New Possibilities for Treating Age-related Macular Degeneration

Posted May 5, 2020


For the 15 million Americans afflicted with age-related macular degeneration (AMD), vision is not something to be taken lightly. As this terrible condition slowly robs them of bits and pieces of their lives, they are forced to simply wait. They know that they may become completely blind and there has been little doctors could do to help. Until now.

What is AMD?

A progressive eye condition, age-related macular degeneration (AMD) is a common and incurable illness that mostly affects seniors. As the ailment progresses and the central retina deteriorates, it becomes more difficult to recognize faces, read, watch television, and drive. 

AMD impacts the middle of your retina, a part called the macula, that focuses central vision. While the edges of your vision remain clear, the progression of this condition causes gray or black splotches to occur in the macula. Eventually, AMD can cause blindness. If caught early enough, and depending on whether wet or dry AMD is involved, some vision loss can be prevented. 

Treatment in the past

In past years, there have been few treatments available to those suffering from this condition. Dr. Sarah Doyle, Assistant Professor of immunology at Trinity College Dublin, explains the reason:

“The lack of approved therapies for AMD is mainly because the factors involved in triggering the disease are not very well understood. Understanding and identifying early molecular events that may trigger dry AMD will allow us to develop a more targeted approach to therapy.”

The few treatments available are often quite invasive, such as eye injections and several forms of laser therapy. These only slow the disease’s progression in a percentage of patients. Vitamins and low vision aids are the only non-invasive options that have been available so far and tend to only ease discomfort.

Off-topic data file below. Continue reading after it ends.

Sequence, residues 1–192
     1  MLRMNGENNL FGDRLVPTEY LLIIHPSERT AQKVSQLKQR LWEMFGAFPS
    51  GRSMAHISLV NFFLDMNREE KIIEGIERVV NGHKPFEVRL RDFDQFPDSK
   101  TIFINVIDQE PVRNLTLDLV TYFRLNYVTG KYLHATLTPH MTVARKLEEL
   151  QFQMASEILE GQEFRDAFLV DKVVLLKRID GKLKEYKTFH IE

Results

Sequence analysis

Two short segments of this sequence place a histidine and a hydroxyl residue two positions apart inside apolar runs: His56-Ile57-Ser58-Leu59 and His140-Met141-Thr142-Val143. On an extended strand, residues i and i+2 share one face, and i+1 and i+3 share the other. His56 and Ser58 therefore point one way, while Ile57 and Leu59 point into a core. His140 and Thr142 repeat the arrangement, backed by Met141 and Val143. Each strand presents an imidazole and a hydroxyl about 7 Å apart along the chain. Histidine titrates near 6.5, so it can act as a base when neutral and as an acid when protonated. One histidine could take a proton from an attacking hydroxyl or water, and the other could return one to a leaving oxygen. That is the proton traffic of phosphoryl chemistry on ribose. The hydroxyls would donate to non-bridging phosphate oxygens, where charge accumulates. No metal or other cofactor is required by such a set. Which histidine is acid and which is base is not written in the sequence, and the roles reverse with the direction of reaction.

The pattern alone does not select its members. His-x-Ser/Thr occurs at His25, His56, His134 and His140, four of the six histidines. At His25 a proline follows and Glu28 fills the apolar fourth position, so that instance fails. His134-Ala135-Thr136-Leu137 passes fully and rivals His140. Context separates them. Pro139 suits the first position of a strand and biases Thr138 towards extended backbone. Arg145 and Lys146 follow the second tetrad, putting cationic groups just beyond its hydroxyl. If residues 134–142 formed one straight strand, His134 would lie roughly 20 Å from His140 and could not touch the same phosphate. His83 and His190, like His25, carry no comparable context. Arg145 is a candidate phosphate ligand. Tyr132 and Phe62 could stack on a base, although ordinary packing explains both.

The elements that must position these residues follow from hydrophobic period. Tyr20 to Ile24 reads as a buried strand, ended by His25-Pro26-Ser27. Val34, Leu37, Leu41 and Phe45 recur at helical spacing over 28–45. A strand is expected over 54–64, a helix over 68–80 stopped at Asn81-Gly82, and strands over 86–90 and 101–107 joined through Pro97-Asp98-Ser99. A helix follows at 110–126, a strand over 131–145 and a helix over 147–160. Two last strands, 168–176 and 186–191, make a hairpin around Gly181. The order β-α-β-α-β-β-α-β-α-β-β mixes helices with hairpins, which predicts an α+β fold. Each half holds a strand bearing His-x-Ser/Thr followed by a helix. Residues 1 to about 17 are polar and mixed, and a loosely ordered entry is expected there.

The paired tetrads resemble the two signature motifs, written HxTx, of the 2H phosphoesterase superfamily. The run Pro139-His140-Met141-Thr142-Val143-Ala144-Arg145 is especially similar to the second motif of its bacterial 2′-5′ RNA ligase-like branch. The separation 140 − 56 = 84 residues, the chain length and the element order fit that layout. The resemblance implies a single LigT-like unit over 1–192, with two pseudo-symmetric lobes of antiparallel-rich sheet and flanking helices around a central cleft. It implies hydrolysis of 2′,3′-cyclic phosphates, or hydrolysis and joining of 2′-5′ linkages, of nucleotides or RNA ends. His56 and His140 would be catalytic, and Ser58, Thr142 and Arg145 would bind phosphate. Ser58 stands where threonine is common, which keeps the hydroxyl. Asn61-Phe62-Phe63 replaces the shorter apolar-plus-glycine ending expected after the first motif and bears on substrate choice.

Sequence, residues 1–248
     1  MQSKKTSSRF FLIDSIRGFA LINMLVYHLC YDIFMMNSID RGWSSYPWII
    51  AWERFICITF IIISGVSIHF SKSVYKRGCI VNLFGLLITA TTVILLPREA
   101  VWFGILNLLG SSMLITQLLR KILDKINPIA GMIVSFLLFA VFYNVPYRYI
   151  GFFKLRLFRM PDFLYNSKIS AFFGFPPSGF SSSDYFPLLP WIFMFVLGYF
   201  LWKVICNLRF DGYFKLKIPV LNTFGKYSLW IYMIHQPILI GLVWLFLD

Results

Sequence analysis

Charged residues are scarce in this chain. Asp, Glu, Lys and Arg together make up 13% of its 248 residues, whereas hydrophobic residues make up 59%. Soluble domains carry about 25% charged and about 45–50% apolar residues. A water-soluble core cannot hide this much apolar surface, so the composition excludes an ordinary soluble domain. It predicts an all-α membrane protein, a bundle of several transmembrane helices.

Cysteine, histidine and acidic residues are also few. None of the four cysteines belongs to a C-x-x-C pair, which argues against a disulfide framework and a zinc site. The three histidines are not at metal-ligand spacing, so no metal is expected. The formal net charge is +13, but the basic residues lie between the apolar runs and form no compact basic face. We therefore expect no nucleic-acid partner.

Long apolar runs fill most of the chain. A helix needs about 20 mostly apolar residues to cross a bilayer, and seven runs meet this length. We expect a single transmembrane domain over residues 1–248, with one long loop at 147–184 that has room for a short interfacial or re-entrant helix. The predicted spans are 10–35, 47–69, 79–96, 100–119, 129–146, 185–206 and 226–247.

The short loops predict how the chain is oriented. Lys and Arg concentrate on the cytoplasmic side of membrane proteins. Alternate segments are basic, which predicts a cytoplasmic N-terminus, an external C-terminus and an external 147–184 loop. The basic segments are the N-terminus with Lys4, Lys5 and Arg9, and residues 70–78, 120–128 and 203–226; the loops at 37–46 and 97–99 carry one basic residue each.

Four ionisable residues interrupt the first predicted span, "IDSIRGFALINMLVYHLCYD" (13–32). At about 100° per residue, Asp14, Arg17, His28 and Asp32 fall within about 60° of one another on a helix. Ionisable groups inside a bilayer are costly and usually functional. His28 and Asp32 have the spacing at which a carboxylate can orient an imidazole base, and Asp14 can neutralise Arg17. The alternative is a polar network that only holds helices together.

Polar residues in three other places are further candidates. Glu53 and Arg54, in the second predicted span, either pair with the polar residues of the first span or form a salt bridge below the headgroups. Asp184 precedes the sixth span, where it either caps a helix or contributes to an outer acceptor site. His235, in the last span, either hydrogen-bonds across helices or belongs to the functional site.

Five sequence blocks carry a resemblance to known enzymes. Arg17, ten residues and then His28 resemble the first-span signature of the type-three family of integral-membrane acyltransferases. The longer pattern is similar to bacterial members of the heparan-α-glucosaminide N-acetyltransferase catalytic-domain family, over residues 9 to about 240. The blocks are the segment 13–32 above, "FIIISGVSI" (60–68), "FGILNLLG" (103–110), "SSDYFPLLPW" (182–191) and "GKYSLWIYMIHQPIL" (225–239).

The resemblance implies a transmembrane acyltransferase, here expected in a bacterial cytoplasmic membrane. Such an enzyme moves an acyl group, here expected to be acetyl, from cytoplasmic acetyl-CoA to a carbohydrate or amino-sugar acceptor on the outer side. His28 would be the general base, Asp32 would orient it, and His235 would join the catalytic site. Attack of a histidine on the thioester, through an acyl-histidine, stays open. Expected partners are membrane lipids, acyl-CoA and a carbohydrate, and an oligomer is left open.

Explosive new research

For decades, scientists have searched for the causes behind this devastating  eye condition. They know that two separate biological processes contribute to it: 

  • Uncontrolled “oxidative stress” that results in a formation of bleach-like chemicals in the retina.
  • Laying down of a protein called complement that “tags” whatever it touches for elimination. 

The first process is often caused by sun damage, blue light radiation, and aging. Scientists couldn’t figure out, however, why the second process, which was directing the eye to destroy its own cells, was occurring. 

An exciting new study completed at Trinity College Dublin in the beginning of this year finally offered a possible answer. A molecule called “TLR2” was implicated in this study as the critical bridge between oxidative damage and complement-mediated retinal damage.

What this means for AMD today

TLR2 is on the surfaces of all cells in the eye. It directs the eye’s immune system by recognizing dangerous chemicals and signaling the destruction of these chemicals. This study has shown that TLR2 in individuals with AMD has been recognizing oxidative stress as an infection, prompting it to tag stressed cells as dangerous. 

Scientists participating in this study removed TLR2 from their experimental model systems. This simple step slows the second biological process that occurs in AMD patients and, in turn, protects the cells needed for vision. Dr. Doyle, who led this study, explained that “regulating the activity of TLR2 may, over time, help to prevent the progression of [AMD].”

If you have questions or concerns about AMD, your risks, or your general eye health, don’t hesitate to reach out to either of our Christiansburg or Salem locations by phone or email. We are always here to support you.

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